PCOS: Why you can’t do this alone
Last week, we covered key myths and facts related to PCOS (polycystic ovarian syndrome), which affects 10–15% of women of reproductive age. Yet according to PCOS Challenge, The National Polycystic Ovarian Syndrome Association, only 50% of women are properly diagnosed. However, given the complexity of PCOS, treatment is just as important as the diagnosis given the comorbid conditions one can present with.
Fertility for Me spoke with Dr. Marcelle Cedars, Director, Center for Reproductive Health, at the UCSF Center for Reproductive Health, which created a PCOS Clinic to support women via a cross-disciplinary team.
The rationale for the center’s multi-disciplinary approach is that women with PCOS have both reproductive, dermatologic and metabolic problems. The vision behind the PCOS Clinic was to create a system in which multiple providers and services could deliver comprehensive and integrated care to women with PCOS. Ultimately, with the proper funding in place, the goal was replicate the model with clinics for other reproductive issues such as recurrent pregnancy loss (RPL) and menopause. Team-based models have been demonstrated to improve effectiveness of patient care, as echoed by Dr. Zev Williams of the Columbia Fertility Center.
By creating a center focused on PCOS, specifically, UCSF has been able to both provide women better education and serve as a center for research.
A Multi-Disciplinary Team
When asked how the PCOS Clinic operates, Dr. Cedars stated that, “Everyone sees a REI, Dermatologist, Psychologist Geneticist and Nutritionist. Then, if required for a given patient, referrals are made to proper sub-specialist such as a Lipid Specialist, Endocrinologist, or liver specialist .” The PCOS clinic currently does not have an acupuncturist but one recently joined UCSF and is interested in PCOS. However, it is unclear if the acupuncturist will see every patient. Do you want me to bring this up or change how it is addressed?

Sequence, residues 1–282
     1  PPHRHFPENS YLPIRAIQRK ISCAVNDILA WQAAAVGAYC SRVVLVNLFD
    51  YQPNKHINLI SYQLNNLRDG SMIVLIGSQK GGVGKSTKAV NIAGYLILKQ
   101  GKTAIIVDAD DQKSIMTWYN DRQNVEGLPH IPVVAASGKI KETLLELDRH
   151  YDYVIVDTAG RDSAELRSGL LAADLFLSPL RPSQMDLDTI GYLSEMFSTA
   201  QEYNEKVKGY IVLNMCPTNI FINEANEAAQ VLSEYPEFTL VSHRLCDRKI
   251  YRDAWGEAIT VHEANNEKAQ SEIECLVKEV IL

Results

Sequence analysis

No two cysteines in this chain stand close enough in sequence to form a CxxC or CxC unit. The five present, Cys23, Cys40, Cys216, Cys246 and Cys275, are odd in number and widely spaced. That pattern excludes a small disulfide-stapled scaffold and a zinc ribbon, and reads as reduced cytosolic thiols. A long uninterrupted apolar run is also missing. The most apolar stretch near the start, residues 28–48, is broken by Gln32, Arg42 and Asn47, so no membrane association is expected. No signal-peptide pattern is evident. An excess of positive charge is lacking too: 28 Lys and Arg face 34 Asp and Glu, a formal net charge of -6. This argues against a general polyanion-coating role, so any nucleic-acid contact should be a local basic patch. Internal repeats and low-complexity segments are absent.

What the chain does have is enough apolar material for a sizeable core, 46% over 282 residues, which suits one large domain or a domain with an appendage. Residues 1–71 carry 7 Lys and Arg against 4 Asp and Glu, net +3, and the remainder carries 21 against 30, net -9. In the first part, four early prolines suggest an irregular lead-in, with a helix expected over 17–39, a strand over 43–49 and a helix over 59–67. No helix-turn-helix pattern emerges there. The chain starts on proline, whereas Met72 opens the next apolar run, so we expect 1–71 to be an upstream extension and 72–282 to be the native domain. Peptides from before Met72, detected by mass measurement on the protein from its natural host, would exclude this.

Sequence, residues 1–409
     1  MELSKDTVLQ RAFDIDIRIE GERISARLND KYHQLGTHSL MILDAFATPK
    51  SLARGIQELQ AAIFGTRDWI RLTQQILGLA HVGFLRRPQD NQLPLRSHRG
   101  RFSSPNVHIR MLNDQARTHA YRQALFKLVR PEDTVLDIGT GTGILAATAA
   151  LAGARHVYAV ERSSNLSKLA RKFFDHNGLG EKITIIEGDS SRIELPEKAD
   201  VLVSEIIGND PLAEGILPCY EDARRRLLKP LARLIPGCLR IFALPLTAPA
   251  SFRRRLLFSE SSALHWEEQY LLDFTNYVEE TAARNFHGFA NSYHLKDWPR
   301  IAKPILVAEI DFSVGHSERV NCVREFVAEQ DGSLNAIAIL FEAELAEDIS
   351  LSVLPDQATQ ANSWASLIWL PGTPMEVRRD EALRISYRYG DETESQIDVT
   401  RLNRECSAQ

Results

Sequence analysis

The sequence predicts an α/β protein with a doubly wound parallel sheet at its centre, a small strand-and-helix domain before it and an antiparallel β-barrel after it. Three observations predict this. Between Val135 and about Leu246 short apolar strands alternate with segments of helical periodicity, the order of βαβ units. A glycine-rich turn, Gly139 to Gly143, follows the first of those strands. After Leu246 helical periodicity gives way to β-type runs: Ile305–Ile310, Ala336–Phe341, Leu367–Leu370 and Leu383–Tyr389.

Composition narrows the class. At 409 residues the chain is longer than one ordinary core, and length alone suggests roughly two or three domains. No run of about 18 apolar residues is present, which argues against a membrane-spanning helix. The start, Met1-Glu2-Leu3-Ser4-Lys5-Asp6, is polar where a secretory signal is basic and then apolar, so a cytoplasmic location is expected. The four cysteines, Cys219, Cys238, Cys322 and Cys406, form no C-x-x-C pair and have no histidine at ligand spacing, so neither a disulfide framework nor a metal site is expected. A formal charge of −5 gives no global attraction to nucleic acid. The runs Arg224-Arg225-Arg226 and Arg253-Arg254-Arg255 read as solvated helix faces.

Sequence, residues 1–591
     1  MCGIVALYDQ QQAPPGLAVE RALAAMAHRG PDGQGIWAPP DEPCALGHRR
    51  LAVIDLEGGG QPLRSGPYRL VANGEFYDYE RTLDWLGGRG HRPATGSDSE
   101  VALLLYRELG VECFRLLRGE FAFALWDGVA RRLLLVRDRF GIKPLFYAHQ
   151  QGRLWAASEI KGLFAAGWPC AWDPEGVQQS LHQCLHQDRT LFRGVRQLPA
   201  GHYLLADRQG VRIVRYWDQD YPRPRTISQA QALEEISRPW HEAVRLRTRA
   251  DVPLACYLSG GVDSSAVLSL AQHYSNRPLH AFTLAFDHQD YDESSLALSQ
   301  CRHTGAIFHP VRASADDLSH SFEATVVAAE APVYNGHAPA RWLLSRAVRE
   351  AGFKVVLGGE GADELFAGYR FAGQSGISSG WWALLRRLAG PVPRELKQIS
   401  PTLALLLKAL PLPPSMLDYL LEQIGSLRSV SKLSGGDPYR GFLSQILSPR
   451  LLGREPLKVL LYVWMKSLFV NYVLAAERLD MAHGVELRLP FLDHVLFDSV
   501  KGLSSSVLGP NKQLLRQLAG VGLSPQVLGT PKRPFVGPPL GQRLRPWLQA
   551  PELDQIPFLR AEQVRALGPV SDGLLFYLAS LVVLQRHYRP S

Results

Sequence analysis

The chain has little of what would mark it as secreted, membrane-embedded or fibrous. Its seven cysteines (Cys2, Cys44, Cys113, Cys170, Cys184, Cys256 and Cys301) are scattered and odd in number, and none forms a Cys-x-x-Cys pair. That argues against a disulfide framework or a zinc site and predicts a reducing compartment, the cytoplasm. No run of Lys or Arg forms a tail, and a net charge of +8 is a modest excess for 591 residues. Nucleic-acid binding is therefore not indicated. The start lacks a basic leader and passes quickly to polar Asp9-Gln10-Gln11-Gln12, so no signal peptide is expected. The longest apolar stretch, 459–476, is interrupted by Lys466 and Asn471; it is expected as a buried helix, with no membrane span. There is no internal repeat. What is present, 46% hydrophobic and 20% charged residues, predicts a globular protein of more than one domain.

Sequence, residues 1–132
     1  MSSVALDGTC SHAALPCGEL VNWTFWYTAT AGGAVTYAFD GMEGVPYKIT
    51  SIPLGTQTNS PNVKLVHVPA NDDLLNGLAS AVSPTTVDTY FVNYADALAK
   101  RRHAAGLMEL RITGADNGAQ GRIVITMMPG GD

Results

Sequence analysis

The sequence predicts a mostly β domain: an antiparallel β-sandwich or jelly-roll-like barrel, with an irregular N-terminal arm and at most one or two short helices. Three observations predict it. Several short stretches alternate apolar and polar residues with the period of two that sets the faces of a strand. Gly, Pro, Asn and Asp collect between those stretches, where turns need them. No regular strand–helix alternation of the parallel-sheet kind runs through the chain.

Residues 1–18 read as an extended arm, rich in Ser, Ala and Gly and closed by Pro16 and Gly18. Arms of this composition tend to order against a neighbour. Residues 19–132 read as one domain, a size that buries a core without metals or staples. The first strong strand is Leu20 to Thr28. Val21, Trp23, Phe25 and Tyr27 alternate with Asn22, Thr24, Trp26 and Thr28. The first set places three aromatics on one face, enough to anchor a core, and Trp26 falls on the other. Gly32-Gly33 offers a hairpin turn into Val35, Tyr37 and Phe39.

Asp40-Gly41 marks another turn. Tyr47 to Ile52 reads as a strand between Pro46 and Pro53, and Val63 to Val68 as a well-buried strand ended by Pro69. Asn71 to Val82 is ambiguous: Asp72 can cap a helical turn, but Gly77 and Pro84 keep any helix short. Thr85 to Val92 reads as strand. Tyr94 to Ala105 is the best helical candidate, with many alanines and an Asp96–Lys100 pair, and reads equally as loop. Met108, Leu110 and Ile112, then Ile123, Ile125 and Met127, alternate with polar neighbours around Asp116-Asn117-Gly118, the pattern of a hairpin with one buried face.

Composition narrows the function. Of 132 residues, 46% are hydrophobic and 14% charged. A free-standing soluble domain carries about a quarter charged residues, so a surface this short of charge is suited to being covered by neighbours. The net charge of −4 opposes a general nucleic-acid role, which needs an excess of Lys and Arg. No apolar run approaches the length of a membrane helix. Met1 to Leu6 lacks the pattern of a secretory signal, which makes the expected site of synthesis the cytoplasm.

While not all clinicians offer a holistic approach directly in-office, it is important to understand the foundation of support required to be support PCOS patients. Thus, if one is not living in the San Francisco Bay Area, work with your local clinician to ensure the right team is behind you, specifically a Dermatologist, Psychologist, and Nutritionist.
UCSF currently has over 800 women who’ve agreed to participate in its research studies over the past ten years. UCSF has a PCOS Cohort — women who have been followed over time and asked to participate in a variety of research studies. The participation in research studies by women with PCOS has helped move the field forward towards an improved understanding of POCS.
Comorbidities Associated with PCOS
Women with PCOS suffer from a combination of health concerns that can ultimately lead to obesity, depression, heart disease, long-term metabolic risks like diabetes, and infertility. Additionally, they are at increased risk of endometriosis, hyperplasia, and uterine cancer.
Also, one can feel quite ashamed of PCOS’ cosmetic impacts such as hair loss or fear loss of one’s future fertility.
Remember, with a proper workup, PCOS can be diagnosed and properly treated. Given the impact of not finding proper care, it further emphasizes why it is so important to be proactive and find the right clinician.
For a list of current research projects at UCSF, click here.
To participate in PCOS-related activities supported by PCOS Challenge, click here.
To learn about additional resources, including clinical trials in the US and worldwide, click here.
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